Wednesday, 26 July 2017

William Morris's Tennyson Obituary

One of the founding impulses of this blog way back in 2007 was a sense of the unfinishedness of Morris’s oeuvre, both literary and political – the former entailing further creative writing on our part, the latter new projects of social involvement.  However, I’ve perhaps lost sight of that literary unfinishedness in recent years, so a minor example comes opportunely to hand to remind me of it. On 7 October 1892, the day after Tennyson’s death, Morris wrote to George Bernard Shaw: ‘Just think if I were still Editor of Commonweal I should have had to write something about Tennyson.  As it is I needn’t and flatly, as you have guessed, I won’t’ (Kelvin, III, 453).

Well, he won’t, but we could.  Would it be worth an effort at drafting this Tennyson obituary that never happened?  We have the three articles on Tennyson which William Fulford contributed to the Oxford and Cambridge Magazine in 1856 to give us a pretty good idea of what Morris and his set made of his verse in those early days.  But what of the later, socialist Morris?  Can we speculate and set out at some length how his views of Tennyson might have developed?  And if we accept Norman Kelvin’s editorial suggestion here that ‘Apparently Shaw wanted to interview Morris about Tennyson’, we might even cast our creative writing project into that particular format, which will require us to ventriloquise the nimble wit of Shaw’s questions as well as the ponderous content of Morris’s answers.

Monday, 3 July 2017

Gestures in Literature

In what has over the years become my favourite Roland Barthes book, his theoretical autobiography Roland Barthes par Roland Barthes (1975), the great French critic notes his fondness for a phrase from Charles Baudelaire: ‘la vérité emphatique du geste dans les grandes circonstances de la vie’ (p.121).  It is a formulation that might make us tot up some of the most memorable gestures across Morris’s literary works, from Guenevere’s ‘passionate twisting’ in the early poetry onwards.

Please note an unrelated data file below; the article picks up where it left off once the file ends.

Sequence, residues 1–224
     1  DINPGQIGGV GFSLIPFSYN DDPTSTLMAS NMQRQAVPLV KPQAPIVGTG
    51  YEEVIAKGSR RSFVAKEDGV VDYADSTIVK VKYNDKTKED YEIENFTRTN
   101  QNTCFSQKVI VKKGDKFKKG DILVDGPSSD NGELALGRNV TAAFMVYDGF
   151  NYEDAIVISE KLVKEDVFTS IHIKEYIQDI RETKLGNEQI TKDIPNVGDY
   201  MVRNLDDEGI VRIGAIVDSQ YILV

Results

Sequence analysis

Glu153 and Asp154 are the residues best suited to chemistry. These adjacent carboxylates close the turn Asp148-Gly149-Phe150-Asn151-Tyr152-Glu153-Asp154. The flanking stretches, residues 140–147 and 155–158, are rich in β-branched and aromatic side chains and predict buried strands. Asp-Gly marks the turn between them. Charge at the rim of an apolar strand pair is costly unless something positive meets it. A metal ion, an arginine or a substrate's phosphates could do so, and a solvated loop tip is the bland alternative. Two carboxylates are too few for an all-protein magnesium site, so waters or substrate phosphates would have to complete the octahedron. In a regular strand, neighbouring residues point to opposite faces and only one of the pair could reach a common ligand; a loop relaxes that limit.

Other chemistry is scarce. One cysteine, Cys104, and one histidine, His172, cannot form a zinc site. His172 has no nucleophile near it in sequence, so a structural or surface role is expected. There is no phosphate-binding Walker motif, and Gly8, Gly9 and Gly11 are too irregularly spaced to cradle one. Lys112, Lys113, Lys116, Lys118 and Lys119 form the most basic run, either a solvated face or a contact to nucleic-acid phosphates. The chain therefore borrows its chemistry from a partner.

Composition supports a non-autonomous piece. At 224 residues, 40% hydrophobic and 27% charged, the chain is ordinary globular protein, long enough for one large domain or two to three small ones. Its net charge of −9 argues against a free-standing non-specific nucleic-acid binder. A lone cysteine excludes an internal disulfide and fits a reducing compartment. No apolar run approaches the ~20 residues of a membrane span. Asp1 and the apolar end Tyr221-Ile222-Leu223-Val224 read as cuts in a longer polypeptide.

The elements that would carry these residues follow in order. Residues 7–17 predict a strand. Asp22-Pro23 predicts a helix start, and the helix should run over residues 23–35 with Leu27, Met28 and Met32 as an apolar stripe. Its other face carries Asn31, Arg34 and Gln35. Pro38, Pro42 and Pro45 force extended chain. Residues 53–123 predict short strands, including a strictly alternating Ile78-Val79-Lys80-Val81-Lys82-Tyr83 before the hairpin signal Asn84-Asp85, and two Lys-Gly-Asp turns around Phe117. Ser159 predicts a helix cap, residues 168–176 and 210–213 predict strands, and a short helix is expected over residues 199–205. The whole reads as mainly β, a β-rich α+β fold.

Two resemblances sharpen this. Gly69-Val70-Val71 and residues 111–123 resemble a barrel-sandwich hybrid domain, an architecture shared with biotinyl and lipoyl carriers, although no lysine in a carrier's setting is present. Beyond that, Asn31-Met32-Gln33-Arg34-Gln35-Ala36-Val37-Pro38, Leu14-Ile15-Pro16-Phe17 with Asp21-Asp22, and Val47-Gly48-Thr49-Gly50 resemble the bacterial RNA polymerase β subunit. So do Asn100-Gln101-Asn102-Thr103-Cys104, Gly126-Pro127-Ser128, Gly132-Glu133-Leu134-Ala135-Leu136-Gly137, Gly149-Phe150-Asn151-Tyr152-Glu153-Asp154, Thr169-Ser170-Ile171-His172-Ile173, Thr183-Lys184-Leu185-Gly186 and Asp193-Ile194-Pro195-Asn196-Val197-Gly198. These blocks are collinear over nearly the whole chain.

I’m particularly taken by Ellen’s unusual gesture as she stands on a bank of the upper Thames in News from Nowhere, ‘one hand laid on her bosom, the other arm stretched downward and clenched in its earnestness’ (ch.XXIX); for that clenched fist is a powerful statement of how much reforming political passion there may still be at work in Morris’s apparently settled utopia.

But the most spectacular gesture – or rather, series of gestures – in all Morris must surely be that enacted by Ralph in The Well at the World’s End, which thoroughly lives up to what Barthes terms an ‘excès de pose’: ‘he drew himself up, and his brows were knit a little ... He half drew the sword from the scabbard, and sent it back rattling ... he upreared his head and looked around him on this and that one of the warriors of the aliens, and he sniffed the air into his nostrils as he stood alone amongst them, and set his foot down hard on the floor of the King’s hall, and his armour rattled upon him’ (Bk 4, ch.9).  'Excès de pose' indeed: I shall have to try this myself next time I attend a William Morris Society AGM.